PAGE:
liberty ought to help us build bridges, not

- let me just stop and ask you - Are you a person who
    enslaves your freedom?
      - we'll talk more about specific examples in a minute
      - but would those who know you best say that you are so
        interested about your spiritual ministry to others
        that you're like a slave
          - "you've enslaved your freedom - and if called
             upon to do so - you could give specific examples
             of how that's true."

- in order to do that, in the next verses Paul says:

II. We Must Deny Ourselves

    - that point's pretty general - let's try to sharpen it
      up some.

    A. What these verses are saying

    - we've given you a chart in your notes to help follow
      the argument in verses 20-22

- Paul speaks about three different groups of people
- we want to use the chart to see two things

   1) what's similar about what's said about each group

   2) what stands out (doesn't fit the formula)

- in each group - we'll see that he mentions
    1) the audience
    2) what he did
    3) why he did it
    4) "extra" material

- on board

Audience   What Paul did    Why he did it    "Extra" material

1a Jews     became as        that I might
            a Jew            win Jews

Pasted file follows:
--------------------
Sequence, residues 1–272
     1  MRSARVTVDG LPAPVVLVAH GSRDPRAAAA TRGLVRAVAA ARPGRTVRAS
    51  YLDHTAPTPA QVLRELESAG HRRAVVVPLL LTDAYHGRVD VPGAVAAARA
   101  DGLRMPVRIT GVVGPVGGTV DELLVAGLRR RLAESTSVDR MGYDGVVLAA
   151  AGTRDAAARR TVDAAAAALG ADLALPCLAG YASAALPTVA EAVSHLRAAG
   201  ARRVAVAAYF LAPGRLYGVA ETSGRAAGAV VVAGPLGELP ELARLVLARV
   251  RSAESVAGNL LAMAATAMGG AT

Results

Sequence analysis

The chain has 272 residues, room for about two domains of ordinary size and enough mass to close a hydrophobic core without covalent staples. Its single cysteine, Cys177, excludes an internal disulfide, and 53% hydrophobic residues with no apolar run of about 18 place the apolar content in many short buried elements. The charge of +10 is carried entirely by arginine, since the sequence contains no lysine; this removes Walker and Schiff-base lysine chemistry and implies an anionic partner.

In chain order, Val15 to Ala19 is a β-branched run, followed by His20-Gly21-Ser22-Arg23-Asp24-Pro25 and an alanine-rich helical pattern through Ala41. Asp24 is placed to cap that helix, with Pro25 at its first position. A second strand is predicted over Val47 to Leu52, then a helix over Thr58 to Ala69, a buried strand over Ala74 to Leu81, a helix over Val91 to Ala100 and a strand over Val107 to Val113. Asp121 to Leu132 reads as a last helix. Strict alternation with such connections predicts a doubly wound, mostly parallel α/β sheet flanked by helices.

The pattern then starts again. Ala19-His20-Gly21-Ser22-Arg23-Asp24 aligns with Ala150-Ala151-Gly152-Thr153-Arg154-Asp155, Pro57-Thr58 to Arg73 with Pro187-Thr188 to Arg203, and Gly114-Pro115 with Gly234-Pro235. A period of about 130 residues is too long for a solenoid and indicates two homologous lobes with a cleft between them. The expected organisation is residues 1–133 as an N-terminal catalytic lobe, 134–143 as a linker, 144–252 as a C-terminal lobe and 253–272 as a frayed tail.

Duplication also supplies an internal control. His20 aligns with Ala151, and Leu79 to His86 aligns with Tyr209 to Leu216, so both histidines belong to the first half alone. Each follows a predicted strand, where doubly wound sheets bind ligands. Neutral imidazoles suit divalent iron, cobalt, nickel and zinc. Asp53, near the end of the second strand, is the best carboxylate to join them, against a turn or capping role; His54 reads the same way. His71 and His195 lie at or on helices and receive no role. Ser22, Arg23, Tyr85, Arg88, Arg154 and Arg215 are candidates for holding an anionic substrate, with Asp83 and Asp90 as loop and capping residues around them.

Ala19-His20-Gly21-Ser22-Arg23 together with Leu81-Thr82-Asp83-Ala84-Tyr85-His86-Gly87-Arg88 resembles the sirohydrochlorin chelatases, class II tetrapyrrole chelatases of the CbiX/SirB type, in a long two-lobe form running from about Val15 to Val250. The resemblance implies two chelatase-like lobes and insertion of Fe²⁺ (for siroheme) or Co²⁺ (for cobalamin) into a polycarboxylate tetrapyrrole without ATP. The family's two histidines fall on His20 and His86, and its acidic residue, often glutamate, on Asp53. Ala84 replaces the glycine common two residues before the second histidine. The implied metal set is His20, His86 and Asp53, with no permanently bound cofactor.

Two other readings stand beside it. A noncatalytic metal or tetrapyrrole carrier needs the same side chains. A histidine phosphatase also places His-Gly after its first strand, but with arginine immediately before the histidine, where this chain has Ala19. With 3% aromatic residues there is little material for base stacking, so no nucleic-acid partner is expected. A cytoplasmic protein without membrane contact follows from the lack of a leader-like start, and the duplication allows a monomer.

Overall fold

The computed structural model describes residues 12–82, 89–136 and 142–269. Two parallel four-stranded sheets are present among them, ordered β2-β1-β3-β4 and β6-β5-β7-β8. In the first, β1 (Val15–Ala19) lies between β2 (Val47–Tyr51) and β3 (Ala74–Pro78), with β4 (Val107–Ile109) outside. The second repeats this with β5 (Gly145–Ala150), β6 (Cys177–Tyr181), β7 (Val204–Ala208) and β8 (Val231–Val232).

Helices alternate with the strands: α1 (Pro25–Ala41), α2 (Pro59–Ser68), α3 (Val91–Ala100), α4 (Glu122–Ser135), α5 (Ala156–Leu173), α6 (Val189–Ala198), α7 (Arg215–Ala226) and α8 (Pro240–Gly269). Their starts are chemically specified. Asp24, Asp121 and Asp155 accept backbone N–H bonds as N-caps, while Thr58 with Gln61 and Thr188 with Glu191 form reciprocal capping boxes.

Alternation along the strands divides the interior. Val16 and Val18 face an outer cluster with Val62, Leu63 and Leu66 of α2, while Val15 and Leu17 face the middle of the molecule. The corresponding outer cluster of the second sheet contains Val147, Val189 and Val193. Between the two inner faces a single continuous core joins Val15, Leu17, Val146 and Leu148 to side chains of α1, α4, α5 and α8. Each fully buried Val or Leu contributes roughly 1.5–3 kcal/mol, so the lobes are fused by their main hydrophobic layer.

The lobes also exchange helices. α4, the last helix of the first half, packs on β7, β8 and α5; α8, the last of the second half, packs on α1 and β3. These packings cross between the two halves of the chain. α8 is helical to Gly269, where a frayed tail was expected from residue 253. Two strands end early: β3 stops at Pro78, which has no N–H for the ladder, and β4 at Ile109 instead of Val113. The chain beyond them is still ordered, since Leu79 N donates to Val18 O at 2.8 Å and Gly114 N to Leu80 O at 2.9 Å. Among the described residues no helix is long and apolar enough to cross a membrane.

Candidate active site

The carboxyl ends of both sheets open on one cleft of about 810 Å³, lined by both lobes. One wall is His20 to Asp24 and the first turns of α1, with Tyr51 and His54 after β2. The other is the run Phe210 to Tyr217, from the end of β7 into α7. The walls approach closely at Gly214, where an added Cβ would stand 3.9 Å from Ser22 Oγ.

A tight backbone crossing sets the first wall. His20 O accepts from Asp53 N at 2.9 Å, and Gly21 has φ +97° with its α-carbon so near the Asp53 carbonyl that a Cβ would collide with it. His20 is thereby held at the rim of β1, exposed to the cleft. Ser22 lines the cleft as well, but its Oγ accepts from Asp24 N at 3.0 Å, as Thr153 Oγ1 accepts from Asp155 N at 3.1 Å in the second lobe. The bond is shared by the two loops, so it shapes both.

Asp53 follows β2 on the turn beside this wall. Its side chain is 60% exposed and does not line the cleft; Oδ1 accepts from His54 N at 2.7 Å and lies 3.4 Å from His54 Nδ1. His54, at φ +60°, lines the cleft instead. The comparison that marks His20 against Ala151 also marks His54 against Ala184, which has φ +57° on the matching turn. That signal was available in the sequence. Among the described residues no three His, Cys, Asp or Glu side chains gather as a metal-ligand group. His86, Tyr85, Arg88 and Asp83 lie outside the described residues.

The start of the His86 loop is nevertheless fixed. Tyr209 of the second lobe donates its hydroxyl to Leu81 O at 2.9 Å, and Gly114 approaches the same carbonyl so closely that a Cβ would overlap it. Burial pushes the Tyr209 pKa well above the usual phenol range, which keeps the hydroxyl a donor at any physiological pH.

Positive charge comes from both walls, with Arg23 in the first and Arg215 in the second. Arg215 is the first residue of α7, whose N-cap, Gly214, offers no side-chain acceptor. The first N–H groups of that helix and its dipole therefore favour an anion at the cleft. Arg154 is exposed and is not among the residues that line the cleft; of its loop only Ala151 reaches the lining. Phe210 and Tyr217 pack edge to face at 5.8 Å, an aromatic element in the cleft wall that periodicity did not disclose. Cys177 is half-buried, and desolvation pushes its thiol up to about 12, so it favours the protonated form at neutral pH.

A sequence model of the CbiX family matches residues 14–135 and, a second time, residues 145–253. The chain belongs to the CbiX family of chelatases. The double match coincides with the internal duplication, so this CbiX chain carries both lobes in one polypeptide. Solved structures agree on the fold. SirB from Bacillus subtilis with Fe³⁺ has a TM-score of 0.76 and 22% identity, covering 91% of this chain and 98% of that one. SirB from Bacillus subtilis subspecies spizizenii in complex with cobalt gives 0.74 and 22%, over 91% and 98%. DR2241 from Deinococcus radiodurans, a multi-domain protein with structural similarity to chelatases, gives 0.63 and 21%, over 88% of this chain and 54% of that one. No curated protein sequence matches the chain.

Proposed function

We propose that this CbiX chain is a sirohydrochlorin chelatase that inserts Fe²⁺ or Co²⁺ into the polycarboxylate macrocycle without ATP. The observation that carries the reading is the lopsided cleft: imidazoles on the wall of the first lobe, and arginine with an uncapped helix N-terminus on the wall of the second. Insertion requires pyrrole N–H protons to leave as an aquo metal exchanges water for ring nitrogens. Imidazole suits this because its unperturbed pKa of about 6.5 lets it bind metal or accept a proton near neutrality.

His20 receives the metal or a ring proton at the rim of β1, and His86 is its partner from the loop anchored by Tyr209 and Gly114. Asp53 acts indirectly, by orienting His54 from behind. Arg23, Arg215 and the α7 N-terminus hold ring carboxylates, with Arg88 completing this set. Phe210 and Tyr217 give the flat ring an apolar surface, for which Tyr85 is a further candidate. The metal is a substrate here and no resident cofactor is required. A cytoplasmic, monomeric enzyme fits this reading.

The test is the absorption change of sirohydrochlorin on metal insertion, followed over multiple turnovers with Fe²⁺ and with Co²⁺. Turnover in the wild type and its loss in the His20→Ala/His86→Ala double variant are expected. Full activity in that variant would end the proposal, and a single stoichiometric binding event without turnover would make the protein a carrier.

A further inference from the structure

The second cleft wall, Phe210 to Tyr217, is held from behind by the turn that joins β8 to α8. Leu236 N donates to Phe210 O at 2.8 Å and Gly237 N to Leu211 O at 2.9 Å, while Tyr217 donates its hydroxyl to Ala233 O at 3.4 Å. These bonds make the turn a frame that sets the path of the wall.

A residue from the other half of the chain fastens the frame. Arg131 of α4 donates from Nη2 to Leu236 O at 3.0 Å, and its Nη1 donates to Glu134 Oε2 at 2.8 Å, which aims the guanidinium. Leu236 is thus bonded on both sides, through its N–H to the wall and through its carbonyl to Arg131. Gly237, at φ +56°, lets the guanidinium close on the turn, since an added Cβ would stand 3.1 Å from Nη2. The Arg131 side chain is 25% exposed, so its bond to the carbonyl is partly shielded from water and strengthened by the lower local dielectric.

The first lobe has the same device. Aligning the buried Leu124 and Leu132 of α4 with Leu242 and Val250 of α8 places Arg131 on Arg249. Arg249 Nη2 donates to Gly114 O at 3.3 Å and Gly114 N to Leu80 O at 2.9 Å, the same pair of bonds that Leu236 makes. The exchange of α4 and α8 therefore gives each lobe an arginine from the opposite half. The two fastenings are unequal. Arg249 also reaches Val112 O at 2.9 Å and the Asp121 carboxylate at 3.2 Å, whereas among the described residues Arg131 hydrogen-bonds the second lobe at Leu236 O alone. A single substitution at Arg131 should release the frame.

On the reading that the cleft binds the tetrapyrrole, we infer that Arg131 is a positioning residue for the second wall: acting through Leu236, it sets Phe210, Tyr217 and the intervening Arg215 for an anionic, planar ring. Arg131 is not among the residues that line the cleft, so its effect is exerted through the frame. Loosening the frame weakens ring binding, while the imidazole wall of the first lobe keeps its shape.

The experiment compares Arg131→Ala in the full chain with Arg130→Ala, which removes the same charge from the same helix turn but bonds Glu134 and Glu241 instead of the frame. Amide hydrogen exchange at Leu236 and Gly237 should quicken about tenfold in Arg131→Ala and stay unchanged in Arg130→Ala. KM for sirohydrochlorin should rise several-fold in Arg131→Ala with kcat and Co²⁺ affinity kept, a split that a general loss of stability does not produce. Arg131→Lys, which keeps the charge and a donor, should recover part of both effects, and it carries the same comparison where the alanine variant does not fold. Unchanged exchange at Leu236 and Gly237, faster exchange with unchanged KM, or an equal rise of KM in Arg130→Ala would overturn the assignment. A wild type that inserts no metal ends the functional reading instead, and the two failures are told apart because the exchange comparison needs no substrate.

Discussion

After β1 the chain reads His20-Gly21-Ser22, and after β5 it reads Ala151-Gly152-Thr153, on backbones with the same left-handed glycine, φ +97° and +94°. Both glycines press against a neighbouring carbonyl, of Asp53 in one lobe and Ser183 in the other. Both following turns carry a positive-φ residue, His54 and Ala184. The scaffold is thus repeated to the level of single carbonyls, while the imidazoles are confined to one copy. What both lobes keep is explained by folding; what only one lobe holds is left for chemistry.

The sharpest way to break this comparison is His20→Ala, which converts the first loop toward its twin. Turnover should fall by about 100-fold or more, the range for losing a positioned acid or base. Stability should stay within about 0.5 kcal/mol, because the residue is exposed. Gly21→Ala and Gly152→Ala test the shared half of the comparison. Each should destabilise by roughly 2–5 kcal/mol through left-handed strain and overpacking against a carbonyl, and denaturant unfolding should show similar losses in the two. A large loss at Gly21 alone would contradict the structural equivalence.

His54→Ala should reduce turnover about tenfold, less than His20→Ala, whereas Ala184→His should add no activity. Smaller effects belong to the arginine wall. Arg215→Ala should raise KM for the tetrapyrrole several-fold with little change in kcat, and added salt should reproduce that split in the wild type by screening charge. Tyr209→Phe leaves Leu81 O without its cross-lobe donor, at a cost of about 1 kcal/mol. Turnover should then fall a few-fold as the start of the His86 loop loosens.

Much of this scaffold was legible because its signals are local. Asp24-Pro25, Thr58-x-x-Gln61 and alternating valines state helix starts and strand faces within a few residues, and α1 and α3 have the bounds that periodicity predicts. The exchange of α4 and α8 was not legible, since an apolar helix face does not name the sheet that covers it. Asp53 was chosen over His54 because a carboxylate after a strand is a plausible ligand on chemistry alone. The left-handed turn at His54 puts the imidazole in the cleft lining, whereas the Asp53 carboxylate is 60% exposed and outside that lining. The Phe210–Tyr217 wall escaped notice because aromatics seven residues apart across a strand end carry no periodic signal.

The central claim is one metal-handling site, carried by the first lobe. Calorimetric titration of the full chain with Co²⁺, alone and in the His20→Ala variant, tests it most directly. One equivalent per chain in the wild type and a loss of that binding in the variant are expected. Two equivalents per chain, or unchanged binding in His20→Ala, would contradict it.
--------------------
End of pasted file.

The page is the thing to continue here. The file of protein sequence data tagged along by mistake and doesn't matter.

1b under    became under     that I might      not being
   law      law              win Jews          myself under

2 Gentiles  became as        that I might      though not
            w/out law        win Gentiles      being w/out
                                               law of God

                                               I am under
                                               law of Christ

3 Weak     became weak       that I might
                             win the weak

- we've talked about what these verses are saying - let's
    talk now about:

    B. What these verses are emphasizing

        - INPUT - as you look over your chart, what words
            come to your mind?

        - I'd like us to think about the concept of "balanced
        - that’s another one of those phrases that doesn't
          readily fit together

        - both words are important (illustrate with hand
            - adaptability - right fist going all over
            - balanced adaptability - left hand controlling
              right fist and not allowing it to travel as far

        1. adaptability

point - I will limit my freedom in whatever way I need to in
  order to win others, within biblical guidelines.
- now that’s going to have different implications depending on
   the kind of person we're working with.
- Paul adapted himself in different ways depending on the

        a. a legalist

           - some unsaved folks are very legalistic
           - even though they're unsaved, some folks have
              very high standards of dress, behavior, dress,
           - that was true of the Jews in Paul's day - it's
              true of the legalists in ours

           I've given several passages where Paul clearly
           adapted himself to the desires and customs of his
           Jewish audience

           Acts 16:3, 18:18, 21:20-26